Well, here’s a recent story about how anthropologists are scouring the blood-soaked island for remains of Americans who stormed the island in a final push toward victory against Japan.
IWO JIMA, Japan (AP) — Major Sean Stinchon stands at the base of Hill 362A and scans a map drawn up by Navy Seabees in 1948 that is deeply creased and covered in reddish brown dirt. The map shows a labyrinth of caves and tunnels that runs through the brush-covered hill like the cross-section of an ant colony.
Interestingly, a Fort Smith boy — Dr. Thomas Holland — is scientific director for the Central Identification Laboratory at the Joint POW/MIA Accounting Command at Hickam Air Force Base on Hawaii.
This lab is largely unheralded. The CNN piece about the search for the remains of Marine Corps Combat Photographer William H. Genaust is a prime example of the work the men and women attached to the JPAC lab do every single day.
Following the motto “Until They are Home,” JPAC, which was created in 2003, identifies about six MIAs each month — some 1,300 so far. The command, which also runs permanent branches in Thailand, Vietnam and Laos, has at any given time about 1,000 active cases.
“It’s such an incredible mission,” said Lt. Col. Mark Brown, the JPAC spokesman. “There’s a lot of families who have been waiting a long time.”
In talking to Dr. Holland on a couple of occasions, and from reading his first fiction work — published by Simon & Schuster — I’ve learned that living family members can help with the identification process. Currently, the lab is seeking family reference samples from military personnel who died on foreign soil whose remains have yet to be returned home.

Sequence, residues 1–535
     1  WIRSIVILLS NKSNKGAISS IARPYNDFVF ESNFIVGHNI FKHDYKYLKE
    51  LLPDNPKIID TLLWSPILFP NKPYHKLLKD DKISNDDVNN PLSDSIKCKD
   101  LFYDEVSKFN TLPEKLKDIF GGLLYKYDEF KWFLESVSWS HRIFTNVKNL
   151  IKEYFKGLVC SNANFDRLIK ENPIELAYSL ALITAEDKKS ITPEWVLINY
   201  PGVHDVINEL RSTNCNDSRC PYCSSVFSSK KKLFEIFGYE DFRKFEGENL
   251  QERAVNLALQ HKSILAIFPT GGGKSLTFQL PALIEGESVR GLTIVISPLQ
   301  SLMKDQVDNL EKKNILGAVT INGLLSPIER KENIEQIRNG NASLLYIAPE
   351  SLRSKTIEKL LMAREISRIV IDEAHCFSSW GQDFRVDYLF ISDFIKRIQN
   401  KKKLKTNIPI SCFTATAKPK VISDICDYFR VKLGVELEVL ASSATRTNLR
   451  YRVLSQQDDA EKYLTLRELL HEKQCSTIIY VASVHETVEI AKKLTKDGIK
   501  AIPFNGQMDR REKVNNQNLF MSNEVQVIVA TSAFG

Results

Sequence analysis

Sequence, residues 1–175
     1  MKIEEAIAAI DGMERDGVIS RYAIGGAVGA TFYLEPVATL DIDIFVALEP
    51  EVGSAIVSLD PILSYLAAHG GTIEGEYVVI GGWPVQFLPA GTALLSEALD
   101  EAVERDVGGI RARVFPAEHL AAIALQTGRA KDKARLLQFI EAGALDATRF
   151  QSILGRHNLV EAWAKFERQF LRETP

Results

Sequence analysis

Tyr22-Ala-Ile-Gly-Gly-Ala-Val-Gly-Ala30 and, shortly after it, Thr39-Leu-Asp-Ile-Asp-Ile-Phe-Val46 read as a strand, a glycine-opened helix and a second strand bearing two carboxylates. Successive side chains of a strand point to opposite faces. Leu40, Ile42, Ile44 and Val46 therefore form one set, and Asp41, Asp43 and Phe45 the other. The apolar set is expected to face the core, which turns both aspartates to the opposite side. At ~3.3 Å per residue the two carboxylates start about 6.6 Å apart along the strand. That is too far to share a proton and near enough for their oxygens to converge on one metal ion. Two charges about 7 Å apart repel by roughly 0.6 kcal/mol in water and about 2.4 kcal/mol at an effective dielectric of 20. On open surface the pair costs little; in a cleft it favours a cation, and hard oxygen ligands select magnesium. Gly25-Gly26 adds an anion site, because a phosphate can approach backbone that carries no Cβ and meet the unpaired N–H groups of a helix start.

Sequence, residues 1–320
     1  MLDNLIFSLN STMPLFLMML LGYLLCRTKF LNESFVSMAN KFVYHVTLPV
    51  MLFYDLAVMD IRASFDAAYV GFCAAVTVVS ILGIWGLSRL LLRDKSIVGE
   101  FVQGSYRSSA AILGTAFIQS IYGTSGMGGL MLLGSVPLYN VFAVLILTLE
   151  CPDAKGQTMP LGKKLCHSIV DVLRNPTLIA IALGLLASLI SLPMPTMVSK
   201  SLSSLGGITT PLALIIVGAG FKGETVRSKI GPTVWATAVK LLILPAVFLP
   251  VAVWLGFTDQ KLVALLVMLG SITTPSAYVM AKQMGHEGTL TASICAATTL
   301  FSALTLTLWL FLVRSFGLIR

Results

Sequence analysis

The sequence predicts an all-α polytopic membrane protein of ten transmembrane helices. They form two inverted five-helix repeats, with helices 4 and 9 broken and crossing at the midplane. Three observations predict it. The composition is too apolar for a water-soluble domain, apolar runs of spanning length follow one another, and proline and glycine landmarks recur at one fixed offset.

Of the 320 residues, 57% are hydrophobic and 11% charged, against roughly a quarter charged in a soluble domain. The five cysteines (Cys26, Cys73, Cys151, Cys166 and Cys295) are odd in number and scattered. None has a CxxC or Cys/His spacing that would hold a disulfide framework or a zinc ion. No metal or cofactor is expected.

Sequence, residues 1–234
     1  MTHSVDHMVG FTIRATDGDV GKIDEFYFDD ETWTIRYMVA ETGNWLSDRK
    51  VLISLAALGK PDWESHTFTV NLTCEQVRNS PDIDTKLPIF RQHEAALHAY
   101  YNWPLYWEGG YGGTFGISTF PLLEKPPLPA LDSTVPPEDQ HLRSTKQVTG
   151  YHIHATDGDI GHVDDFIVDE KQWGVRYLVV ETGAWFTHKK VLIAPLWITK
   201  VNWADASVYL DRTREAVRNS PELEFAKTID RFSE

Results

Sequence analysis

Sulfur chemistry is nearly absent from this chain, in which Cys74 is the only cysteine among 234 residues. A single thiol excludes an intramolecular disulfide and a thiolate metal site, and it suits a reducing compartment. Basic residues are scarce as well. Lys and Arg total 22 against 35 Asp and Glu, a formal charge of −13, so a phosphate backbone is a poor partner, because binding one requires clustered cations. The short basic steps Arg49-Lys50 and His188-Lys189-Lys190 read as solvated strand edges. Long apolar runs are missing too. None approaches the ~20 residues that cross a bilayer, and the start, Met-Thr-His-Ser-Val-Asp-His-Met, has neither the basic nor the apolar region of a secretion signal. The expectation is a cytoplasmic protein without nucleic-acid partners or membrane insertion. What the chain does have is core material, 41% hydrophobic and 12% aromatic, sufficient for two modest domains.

We can often identify individuals if we have a reference sample of a special type of DNA from surviving family members. This special DNA is called Mitochondrial DNA, or mtDNA, and it is inherited only from the mother. We use this type of DNA because it is long-lasting, abundant, and doesn’t change much from generation to generation.
How you can help
You may be able to help us identify America’s missing heros. If you are a family member of an individual who is Missing in Action, we may be able to use a sample of your DNA to help us with our identification process. However, we do not need a sample from just any family member – we can only use samples from family members who share the same mtDNA as the missing service member. Mitochondrial DNA is only passed on through the maternal line.
Anyone can help by selecting a casualty (perhaps from your home town, home state or a man that served in the same unit as you), and researching their family history to determine if there are living relatives who might be FRS donors. Click here for a list of Family Reference Samples (FRS) required by JPAC.
Thank you, men and women of JPAC.